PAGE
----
‘We need more job-creators, not job seekers’

Published: February 10, 2014
Current education model based on learning things you think you need in order to get job you want, says Paul Collard.

Current education model based on learning things you think you need in order to get job you want, says Paul Collard.


The pattern of education taught in classrooms is flawed, emphasised key speaker Paul Collard, during a session called ‘Creativity in Education’ on the third and final day of the fifth Karachi Literature Festival.

“The current model of education is based on learning the things you think you do need in order to get the job you want,” said Collard, who heads Creativity, Culture and Education, an organisation responsible for introducing programmes that use creativity and culture as drivers of social and economic change. According to Collard, the problem lies in the fact that 60% of the jobs kids today will do have not been invented yet. “So if the schools don’t even know what these jobs are, how can they prepare students for them?” he questions. Therefore, it was more important for the educational system to produce job-creators, not job seekers.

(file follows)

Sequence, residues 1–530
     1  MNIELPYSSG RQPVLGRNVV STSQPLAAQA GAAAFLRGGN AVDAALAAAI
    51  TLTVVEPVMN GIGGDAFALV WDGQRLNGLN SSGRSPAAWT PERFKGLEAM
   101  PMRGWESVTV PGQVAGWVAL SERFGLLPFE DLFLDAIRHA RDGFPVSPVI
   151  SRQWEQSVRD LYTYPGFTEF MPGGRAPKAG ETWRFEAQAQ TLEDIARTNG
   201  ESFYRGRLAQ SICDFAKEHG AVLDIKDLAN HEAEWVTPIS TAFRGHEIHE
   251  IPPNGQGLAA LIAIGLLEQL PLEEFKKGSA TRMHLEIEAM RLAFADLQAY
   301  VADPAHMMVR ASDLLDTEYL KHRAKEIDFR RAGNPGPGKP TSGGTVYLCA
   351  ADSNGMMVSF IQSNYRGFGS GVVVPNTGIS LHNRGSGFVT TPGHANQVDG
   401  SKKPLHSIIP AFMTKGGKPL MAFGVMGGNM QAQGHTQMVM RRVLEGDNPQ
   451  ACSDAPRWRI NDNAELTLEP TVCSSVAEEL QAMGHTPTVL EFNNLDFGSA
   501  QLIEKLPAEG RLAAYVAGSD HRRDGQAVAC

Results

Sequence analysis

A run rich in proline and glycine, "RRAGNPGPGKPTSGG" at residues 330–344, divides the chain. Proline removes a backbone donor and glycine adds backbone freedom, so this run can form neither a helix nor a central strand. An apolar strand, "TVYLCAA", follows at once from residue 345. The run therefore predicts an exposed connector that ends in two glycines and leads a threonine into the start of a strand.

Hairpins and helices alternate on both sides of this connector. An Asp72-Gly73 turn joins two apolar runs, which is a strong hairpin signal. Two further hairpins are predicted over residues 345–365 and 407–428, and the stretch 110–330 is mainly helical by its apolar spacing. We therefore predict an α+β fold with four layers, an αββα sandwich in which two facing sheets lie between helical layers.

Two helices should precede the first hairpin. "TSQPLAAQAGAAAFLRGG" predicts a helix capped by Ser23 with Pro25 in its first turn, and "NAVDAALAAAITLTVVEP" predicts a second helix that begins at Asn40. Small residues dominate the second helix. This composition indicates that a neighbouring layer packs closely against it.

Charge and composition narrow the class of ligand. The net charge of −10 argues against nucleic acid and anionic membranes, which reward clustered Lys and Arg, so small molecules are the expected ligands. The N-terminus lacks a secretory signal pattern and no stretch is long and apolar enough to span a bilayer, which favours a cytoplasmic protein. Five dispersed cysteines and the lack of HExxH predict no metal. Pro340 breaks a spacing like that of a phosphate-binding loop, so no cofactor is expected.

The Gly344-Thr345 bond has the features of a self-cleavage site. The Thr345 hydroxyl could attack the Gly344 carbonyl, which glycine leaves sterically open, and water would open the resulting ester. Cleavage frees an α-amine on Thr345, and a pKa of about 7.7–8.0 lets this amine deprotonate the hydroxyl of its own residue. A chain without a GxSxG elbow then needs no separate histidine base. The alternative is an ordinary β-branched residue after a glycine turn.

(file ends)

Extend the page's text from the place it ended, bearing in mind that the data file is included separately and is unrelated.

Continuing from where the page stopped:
Collard cited an incident where a researcher in England followed a 14-year-old girl around for a week in her school, only to find out that the young girl’s entire week of learning was a mere 11 minutes. The statistic caused a stir of agreement with the audience, comprised largely of educationists and a large group of schoolchildren. This led to his final conclusion that there was a gap between students and employers and educationists “who lived in a parallel world and spoke a different language.”

He explained that the five elements of creativity, which include inquisitiveness, persistence, imagination, discipline and collaboration, were critical in order to improve things in the classroom. “For a high-functioning classroom, the activities in school need to feel authentic and real. The focus on the student should be on the task rather than the teacher,” he said. In order to drive productivity and interest in students, they needed to be physically, emotionally, socially and intellectually engaged.

Collard has been working with private schools across Karachi for the past year and a half in order to help them overcome specific academic problems and innovate their curriculum. He showed a video produced by students in Karachi that displayed their surroundings and issues in a creative way. Not surprisingly, the twist in the children’s video was a blast at Cantt station. Collard used this as an example to show how education techniques that nurture a child’s critical thinking skills while keeping them close to their own reality can produce remarkable results.

“Young people in this country grow up with too many things,” said Collard. In order to cater to the needs of these young minds, Pakistan would have to become less dependent on the English curriculum and develop their own, he said.

Published in The Express Tribune, February 10th, 2014.

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